Drew: “No matter how prevalent these discussions become in the media’s gaze, the mainstream will never articulate that white supremacism is fundamental to the health of the American empire, whose continued existence is maintained through widespread violence and death. This is hard for many people to appreciate, especially with the emerging popularity of abstractions like “epistemic violence.” At the point of physical confrontation, there’s nothing abstract about it. All people, especially so-called allies, need to understand that when you really struggle against power systems, you expose yourself to deadly harm. Your enemies–the pigs, flanked by the Cliven Bundy’s and the Dylan Roofs of the world–have guns. And they have demonstrated their willingness to use them.
With that in mind, I think it borders on recklessness to tell white people there are a few simple things they can do to change the situation. If you follow that advice, you’ll either be completely ineffectual, or you’ll get fucked up. Either way, you’ve failed. Struggling for abolition requires that you first accept the inevitability of violent reaction, and then prepare yourself for it. As things stand, very few of us are in any position to deal with that reality.
R.L.: What should organizing that effectively reaches White people look like? Capitalist exploitation is perhaps the single most significant potential point of unity we have. Yet, none of these “talk to White people” articles mention White poverty even once. Dylann Roof wasn’t some college educated White guy making an off-color remark in your social justice non-profit. He’s a poor, unemployed, White kid who spent numerous nights sleeping in his car. White nationalists recognize the physical and psychological toll economic deprivation takes on people, the feelings of inferiority it engenders. They take advantage of that desperation, and they offer plausible yet false racist theories to explain that pain. That’s how you get a Dylan Roof.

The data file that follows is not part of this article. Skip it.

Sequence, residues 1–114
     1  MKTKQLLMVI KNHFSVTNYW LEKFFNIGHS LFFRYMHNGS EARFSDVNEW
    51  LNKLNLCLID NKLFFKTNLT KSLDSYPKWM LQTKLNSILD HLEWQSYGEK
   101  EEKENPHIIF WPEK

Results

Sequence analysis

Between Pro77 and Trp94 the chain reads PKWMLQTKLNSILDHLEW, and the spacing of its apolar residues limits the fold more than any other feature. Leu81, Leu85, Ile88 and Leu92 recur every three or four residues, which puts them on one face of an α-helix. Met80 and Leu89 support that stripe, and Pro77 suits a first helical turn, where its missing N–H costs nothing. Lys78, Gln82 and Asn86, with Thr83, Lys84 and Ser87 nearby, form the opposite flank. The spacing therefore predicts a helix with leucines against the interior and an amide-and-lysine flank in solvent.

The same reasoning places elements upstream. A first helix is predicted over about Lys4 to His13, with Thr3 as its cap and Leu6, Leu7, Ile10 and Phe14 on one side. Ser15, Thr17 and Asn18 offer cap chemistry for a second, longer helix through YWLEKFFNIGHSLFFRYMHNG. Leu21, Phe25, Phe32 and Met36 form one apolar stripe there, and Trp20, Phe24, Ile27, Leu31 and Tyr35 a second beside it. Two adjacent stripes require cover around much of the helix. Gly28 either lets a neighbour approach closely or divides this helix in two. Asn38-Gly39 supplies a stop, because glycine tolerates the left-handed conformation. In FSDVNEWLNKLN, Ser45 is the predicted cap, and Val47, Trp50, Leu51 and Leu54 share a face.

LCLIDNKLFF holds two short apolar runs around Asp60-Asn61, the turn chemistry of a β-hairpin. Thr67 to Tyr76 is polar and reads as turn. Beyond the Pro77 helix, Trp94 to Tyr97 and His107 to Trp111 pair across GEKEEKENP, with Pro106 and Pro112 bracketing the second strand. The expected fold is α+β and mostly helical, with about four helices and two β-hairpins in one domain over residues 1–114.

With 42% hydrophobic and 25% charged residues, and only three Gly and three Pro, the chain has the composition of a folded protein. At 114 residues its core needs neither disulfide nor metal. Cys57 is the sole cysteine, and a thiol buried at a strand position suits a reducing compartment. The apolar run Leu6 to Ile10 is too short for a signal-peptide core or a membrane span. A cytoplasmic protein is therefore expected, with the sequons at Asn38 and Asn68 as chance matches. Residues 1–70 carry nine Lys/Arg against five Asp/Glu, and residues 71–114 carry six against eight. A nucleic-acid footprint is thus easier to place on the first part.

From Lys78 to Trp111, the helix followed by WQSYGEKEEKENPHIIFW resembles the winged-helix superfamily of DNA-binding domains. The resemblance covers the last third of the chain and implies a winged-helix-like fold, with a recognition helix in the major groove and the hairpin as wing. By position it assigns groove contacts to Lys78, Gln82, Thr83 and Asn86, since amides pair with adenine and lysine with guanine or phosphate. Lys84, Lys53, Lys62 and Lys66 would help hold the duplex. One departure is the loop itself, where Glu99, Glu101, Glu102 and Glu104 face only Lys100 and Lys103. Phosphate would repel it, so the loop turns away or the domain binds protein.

Drew: And of course we can’t talk about poverty without talking about property. That’s why an integrated class analysis is not allowed. The narrative has been completely sanitized in the interests of the people who own the media platforms that have produced this commodification of analysis in the form of think pieces. We would all do well to study the propaganda model and think twice before taking news and pop discourse at face value.
Drew, earlier: I live this shit. We all do. We are all affected one way or another by the master-slave dialectic. Resolving that contradiction doesn’t come about from privilege-checking, or heart-to-heart conversations among white people, or from the uncritical sloganeering that pervades the progressive Left. You have to bleed for it.”
(I’ve meant to comment at the site about the fact that some of our geezer conditions can’t comply with our desires…)Ferguson Action’s #ReclaimMLK page, with locations, plans, proposed calendar, and so forth.
@BYP_100 Black Youth Project 100 is an activist member-based organization of Black 18-35 year olds, dedicated to creating justice and freedom for all Black people.
Yes, in Ella’s honor, let’s listen to the young ‘uns. 10:30 a.m. MST, Jan 16: